In AxisStars, Saha, alongside business partner and marketing consultant Kate Hamer, is building a platform to change this. In a world where it’s all too easy for athletes to have their lack of financial acumen exploited or be constantly at the end of bad advice, there are few places they can repeatedly turn to for sound judgment on what’s best for their finances. Think of AxisStars as a cross between LinkedIn and Tinder for athletes and entertainers looking to link up with business opportunities.
“There are lots of advisors, supporters, federations, even player unions around athletes that all have their own agenda,” said Hamer. “AxisStars is more focused on how we use the technology to create the ideal career journey based on their interests and where they are in their career, for talent to make sure they get the best from it.”
When it launched, AxisStars was only open to former athletes. Eventually, current athletes were also allowed in. Once there, users could talk to one another about issues related to career-related issues, from lifestyle to finance, insurance to physical fitness. There’s even a place they can go and manage their commercial deals.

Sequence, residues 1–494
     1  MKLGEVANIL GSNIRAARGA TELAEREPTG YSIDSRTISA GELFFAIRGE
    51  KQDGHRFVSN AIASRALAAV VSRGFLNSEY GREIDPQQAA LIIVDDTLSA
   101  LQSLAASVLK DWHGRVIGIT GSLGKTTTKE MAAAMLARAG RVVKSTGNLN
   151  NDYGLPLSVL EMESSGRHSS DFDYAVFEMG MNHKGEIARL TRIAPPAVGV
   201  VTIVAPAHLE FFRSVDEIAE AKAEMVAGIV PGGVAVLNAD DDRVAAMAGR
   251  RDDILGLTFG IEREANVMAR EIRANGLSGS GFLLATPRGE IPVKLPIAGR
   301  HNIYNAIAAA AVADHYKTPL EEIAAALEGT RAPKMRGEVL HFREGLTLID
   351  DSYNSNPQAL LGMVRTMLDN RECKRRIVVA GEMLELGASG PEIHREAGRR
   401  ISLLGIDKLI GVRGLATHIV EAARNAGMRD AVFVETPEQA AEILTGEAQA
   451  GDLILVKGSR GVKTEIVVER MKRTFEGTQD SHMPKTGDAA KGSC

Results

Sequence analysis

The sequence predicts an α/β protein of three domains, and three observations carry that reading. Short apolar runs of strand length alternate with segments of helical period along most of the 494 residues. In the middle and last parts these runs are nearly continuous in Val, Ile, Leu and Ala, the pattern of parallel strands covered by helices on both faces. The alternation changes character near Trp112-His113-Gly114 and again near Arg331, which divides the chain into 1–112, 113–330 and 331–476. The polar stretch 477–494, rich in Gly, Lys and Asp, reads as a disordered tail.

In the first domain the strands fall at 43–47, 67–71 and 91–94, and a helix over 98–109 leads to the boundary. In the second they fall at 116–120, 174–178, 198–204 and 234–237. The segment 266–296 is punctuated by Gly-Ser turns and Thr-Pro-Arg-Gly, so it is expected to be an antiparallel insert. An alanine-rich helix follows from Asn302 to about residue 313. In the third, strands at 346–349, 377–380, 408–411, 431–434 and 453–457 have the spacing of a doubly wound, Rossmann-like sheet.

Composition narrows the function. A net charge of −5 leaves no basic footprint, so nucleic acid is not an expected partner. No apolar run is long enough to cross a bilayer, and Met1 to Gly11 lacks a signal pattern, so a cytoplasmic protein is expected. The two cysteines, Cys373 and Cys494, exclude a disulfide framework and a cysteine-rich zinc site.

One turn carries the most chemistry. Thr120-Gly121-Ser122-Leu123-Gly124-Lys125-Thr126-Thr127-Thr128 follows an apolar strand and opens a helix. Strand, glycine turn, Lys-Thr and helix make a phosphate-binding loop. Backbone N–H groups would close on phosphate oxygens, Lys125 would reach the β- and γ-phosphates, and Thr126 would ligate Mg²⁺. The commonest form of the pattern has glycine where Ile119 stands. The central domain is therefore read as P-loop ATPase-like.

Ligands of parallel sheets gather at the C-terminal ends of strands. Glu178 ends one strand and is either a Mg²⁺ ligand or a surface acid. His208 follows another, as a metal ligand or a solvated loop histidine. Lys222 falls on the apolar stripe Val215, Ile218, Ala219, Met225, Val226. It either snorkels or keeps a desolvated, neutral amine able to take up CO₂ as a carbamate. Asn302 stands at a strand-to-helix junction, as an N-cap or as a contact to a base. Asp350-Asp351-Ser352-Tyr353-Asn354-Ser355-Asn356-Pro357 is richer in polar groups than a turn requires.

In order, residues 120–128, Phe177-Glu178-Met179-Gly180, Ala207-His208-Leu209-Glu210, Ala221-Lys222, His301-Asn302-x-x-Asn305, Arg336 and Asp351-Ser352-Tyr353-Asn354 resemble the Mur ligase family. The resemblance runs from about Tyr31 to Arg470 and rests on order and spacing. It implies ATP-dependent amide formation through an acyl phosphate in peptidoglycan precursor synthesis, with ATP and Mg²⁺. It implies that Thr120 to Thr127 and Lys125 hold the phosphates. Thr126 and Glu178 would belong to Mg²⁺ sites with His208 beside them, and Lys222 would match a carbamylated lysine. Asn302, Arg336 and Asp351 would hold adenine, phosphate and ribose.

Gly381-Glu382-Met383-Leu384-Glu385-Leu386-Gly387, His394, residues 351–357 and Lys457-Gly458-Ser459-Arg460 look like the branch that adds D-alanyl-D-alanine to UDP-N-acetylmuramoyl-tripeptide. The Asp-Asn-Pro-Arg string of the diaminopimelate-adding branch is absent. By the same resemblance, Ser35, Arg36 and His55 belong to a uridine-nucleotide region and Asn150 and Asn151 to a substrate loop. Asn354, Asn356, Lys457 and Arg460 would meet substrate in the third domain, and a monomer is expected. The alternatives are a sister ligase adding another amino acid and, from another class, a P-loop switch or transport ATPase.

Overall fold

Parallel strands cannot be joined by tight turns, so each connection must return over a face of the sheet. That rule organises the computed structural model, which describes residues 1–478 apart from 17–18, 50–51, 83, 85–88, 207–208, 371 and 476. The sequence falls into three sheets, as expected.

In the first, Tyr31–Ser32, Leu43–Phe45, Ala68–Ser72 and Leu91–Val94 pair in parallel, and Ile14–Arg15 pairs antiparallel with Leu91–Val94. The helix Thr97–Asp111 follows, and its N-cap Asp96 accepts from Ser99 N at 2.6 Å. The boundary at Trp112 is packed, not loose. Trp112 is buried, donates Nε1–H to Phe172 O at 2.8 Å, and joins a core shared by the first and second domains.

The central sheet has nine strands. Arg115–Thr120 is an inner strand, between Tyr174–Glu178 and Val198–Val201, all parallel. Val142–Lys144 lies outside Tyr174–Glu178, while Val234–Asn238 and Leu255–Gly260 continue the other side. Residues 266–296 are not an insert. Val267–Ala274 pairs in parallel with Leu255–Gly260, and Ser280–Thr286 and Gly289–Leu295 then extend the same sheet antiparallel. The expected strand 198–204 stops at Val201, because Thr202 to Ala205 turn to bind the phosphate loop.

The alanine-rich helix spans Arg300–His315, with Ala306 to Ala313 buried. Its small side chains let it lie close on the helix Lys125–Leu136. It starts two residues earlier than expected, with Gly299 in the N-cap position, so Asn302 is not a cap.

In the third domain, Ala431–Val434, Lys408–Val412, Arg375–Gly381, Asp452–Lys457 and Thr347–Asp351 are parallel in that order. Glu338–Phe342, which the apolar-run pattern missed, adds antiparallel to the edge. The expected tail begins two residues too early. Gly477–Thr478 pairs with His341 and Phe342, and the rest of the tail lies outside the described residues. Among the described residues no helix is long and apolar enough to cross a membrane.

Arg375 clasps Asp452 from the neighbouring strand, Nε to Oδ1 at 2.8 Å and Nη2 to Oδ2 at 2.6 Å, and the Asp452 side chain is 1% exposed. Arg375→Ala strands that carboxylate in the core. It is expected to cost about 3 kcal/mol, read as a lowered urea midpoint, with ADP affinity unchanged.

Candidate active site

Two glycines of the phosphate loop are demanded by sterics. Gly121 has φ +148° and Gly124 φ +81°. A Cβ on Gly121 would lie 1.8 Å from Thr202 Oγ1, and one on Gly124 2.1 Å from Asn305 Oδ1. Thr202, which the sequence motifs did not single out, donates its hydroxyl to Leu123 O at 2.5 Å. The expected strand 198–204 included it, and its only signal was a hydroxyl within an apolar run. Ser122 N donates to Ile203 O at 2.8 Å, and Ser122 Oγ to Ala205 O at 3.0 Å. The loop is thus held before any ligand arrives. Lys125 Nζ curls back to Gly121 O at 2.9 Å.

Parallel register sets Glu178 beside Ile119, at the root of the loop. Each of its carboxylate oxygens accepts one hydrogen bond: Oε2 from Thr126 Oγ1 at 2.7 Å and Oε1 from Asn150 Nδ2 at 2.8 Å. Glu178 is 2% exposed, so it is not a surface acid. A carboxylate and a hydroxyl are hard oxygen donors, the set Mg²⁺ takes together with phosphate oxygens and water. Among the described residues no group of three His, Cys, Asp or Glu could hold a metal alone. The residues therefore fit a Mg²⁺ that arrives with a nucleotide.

“We want athletes and artists to see the platform as a safe space they can trust; where all the information is there for them or they can get access to contact they don’t have,” said Saha. It’s a place that’s built for them and is governed by an internal logic that will grow with the regulation of technology, not commercial greed. The experience is private so there’s no need for people to feel ashamed asking about something they think others would expect them to know.”
This experience has evolved over time. What started out as a site is now also an app. Over the years, Saha and Hamer have introduced small groups of athletes and entertainers from different fields into the app in stages to get their feedback and insight as to what they need. That’s why the platform is now at 65% soccer. Naturally, Saha has the most connections there.
Rugby has been another focus. It now accounts for around 15% of AxisStars’s user base. Cricket is another growth area for the future at around 4% of the platform as are female athletes at 22%. Five in 10 (52%) of its members are in the U.K., a third (33%) of them are in France, 10% Rest of Europe and 3% in the U.S.